DIY Kitchen Staples
Making kitchen mainstays yourself is easy and cheapall you need is this handy guide.
Chances are, you use one (or more!) of the following five kitchen staples every day. Instead of adding them to your weekly grocery list, you can make them yourself, saving money and avoiding potentially nasty—not to mention un-natural—add-ins. With a bit of extra time invested, these five kitchen staples will add to that list of things you can DIY.
Did you know that some stores sell a 32-ounce carton of vegetable broth for around three bucks? Considering it’s not much besides water and, well, vegetables, that seems a little silly, especially when making your own is just as easy as adding vegetables with water. Peels, stalks, leaves, roots, ends—anything works. However, there are some vegetables you should avoid, as their flavors will overpower the stock. Artichokes, Brussels sprouts, broccoli, cauliflower, cabbage, and turnips will give your stock a very strong taste.
We all pay a premium for peanut, almond, and cashew butter that is actually just peanuts, almonds, and cashews. Why not make it yourself, and save money in addition to knowing exactly what’s in the jar? Grab a hunk of raw nuts of your choice (in bulk, of course!) at your local natural-foods store, throw them in a food processor, and pulse to your desired consistency—for peanut butter, it is best to process until the peanuts form a ball on top of the blade. Store it in an airtight container, and enjoy for up to two months. Now wasn’t that easy?
While many commercial nut milks are fortified with vitamins and minerals such as B12 and calcium, purists and money-savers alike will benefit from homemade almond milk, another super easy vegan kitchen staple. All you need is almonds, water, and a cheesecloth, nut-milk bag, or fine sieve. If you really want, you can soak the almonds overnight (or for one hour at least), to improve flavors and increase nutrient absorption. Then, just blend, strain, and serve. You can add sweeteners if you like, such as vanilla, cinnamon, or dates. You’ll also end up with some almond meal, which you can reuse—throw it in Lemon Poppyseed Cake, homemade marzipan, or pancakes—the possibilities are endless.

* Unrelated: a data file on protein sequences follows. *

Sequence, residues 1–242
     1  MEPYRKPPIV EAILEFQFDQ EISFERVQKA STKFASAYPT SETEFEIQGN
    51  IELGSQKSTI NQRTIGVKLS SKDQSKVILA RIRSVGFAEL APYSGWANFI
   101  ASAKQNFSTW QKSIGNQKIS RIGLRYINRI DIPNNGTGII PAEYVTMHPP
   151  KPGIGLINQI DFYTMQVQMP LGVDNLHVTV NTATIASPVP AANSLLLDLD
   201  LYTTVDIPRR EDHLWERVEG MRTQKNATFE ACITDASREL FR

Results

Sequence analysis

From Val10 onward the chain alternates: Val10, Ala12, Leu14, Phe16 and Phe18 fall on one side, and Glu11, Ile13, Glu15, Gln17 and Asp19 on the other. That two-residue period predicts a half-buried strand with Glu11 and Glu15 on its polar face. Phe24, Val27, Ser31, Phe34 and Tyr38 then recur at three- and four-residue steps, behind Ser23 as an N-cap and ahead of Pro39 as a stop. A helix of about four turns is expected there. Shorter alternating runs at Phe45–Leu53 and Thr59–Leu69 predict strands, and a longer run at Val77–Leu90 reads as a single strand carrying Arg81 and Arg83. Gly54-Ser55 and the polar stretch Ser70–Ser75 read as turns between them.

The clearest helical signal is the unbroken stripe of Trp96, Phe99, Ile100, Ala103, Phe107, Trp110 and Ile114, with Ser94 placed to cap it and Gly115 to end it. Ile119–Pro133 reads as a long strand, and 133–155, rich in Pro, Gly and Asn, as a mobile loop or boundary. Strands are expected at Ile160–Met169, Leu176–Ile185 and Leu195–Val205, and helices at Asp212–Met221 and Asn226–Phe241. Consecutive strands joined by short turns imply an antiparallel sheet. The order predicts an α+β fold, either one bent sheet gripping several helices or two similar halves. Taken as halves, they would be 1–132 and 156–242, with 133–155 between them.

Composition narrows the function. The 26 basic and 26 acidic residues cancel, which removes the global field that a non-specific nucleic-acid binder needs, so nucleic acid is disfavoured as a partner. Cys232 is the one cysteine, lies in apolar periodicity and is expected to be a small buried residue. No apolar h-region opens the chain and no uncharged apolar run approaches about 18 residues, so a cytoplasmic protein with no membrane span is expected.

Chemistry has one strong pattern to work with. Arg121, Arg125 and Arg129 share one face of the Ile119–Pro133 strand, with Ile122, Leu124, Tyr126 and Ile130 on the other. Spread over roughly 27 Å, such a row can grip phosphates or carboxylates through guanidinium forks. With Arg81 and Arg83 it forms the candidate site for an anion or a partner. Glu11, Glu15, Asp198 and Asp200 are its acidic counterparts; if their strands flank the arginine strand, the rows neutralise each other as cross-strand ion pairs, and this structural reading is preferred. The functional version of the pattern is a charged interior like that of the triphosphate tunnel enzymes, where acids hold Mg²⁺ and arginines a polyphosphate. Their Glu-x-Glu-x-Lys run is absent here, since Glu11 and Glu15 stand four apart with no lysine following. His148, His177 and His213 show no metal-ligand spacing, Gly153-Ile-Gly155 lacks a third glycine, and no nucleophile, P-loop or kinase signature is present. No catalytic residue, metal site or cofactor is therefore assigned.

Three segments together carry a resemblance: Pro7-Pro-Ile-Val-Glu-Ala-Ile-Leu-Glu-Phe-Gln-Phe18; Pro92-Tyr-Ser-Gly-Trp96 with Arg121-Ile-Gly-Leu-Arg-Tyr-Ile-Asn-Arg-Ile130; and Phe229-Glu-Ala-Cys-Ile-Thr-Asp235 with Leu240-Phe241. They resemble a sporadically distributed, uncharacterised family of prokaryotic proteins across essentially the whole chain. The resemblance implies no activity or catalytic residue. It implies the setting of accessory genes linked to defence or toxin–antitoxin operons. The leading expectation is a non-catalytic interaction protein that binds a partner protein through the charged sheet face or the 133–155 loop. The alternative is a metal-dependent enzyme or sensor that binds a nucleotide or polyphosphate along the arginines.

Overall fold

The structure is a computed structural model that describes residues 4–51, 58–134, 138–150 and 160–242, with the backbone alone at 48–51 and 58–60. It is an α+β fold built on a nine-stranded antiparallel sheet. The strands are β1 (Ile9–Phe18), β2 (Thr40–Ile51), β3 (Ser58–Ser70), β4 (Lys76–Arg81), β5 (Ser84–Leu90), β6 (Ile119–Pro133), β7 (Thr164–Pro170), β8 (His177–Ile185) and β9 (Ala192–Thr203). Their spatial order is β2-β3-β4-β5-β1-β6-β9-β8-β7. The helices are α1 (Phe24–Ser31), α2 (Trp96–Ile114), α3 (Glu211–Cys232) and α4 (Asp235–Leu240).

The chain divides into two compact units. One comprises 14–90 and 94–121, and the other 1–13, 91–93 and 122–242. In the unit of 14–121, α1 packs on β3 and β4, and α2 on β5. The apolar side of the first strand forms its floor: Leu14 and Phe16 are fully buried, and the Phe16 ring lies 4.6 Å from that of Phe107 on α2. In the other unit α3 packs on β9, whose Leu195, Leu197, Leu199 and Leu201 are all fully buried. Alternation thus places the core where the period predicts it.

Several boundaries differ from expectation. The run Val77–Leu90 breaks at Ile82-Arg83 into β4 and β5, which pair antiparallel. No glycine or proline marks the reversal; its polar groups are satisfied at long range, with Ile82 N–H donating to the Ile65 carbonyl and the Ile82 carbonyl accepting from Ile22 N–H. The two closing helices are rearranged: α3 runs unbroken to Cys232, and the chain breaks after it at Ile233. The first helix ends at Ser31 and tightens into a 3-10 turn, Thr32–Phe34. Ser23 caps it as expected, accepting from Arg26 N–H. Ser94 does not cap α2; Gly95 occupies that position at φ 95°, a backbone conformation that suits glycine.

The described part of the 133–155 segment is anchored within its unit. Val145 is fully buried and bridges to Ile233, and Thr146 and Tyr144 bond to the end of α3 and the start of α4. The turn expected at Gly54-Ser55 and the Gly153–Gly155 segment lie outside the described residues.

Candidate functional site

So simple and so delicious, hummus is another regular on the grocery list that doesn’t have to be. The most basic hummus is nothing but tahini (sesame paste) and chickpeas blended together. With a food processor, you too can make this dip in no time (and with almost no money). The best thing about hummus? It’s completely customizable. Throw in garlic cloves, sundried tomatoes, spinach, archichokes—whatever suits your fancy. If you want to use cumin (a traditional hummus addition), intensify the flavor by roasting it in a small skillet on high heat for a minute (make sure to stir constantly). Raw tahini gives a stronger, more bitter flavor, whereas canned or roasted varieties are nutty and mild.
Like hummus, all pesto needs is a few ingredients and a food processor. Traditional pesto is a combination of fresh basil, pine nuts, garlic, and Parmesan cheese, and vegan versions typically sub out the dairy for miso or nutritional yeast. Easy as 1-2-3, gather some fresh basil, throw in some raw pine nuts, olive oil, garlic, and a cheese alternative if you wish. Since the fresh stuff will only stay for about a week, freezing pesto is key. Freeze your leftover pesto in ice cube trays and pop ‘em out next time you make a batch of pasta or pizza (just put your ice cube tray in a Ziploc bag, or your freezer might begin to smell like pesto—not that it’s a bad thing).
Now that you have the tips (and hopefully the tools), you can try out some homemade mainstays yourself.
5 Ingenius Ways to Eat Chocolate Chips
In honor of National Chocolate Chip Day, here are five revolutionary ways to eat the beloved chip—at breakfast, lunch, and dinner.
Read More »
Subscriber Appreciation Month Giveaway: Miyoko's Kitchen
Don't miss your chance to win a sampler pack of artisan vegan cheese from this popular creamery.
Read More »
A Vegan Mothers Day Your Mom Will Love
Vegan brunch is just the beginning when organizing the best Mothers Day celebration ever.
Read More »
A Vegan Cinco de Mayo Brunch
Celebrate May 5th with Mexi-spired twists on classic brunch fare—mimosas included.
Read More »
Why Red Meat is at the Root of Americas Health Epidemic
Studies show that red meat is a key culprit in a slew of chronic diseases that currently affect the US.
Read More »
- 14 Game-Changing Avocado Recipes
- Virgin America to Launch Vegan Airline
- 10 Foods to Help Get Rid of Stress
- Vegan St. Patricks Day 101
- The #1 Way to Make Sure You Eat Your Greens First
- 10 Creative Ways to Use Nut Butters
- 6 Delicious Ways to Get Vitamin C
- 3 Raw Vegan Desserts
- Valentine's Dinner for Two
- 4 Mouth-Watering Vegan Super Bowl Recipes
- 6 Vegan Superfoods to Eat Now
- 7 Steps to Becoming a Healthier Vegan
- 31 Changes in 31 Days
- The Top 15 Vegan Instagram Photos of 2014
- The Top 15 Stories of 2014
- Israeli Army to Offer Vegan Meals and Leather-Free Boots
- Millennium Named "Restaurant of the Year"
- The Top 15 Vegan Recipes of 2014
- Earth Balance Named "Company of the Year"
- DIY Vegan Holiday Gifts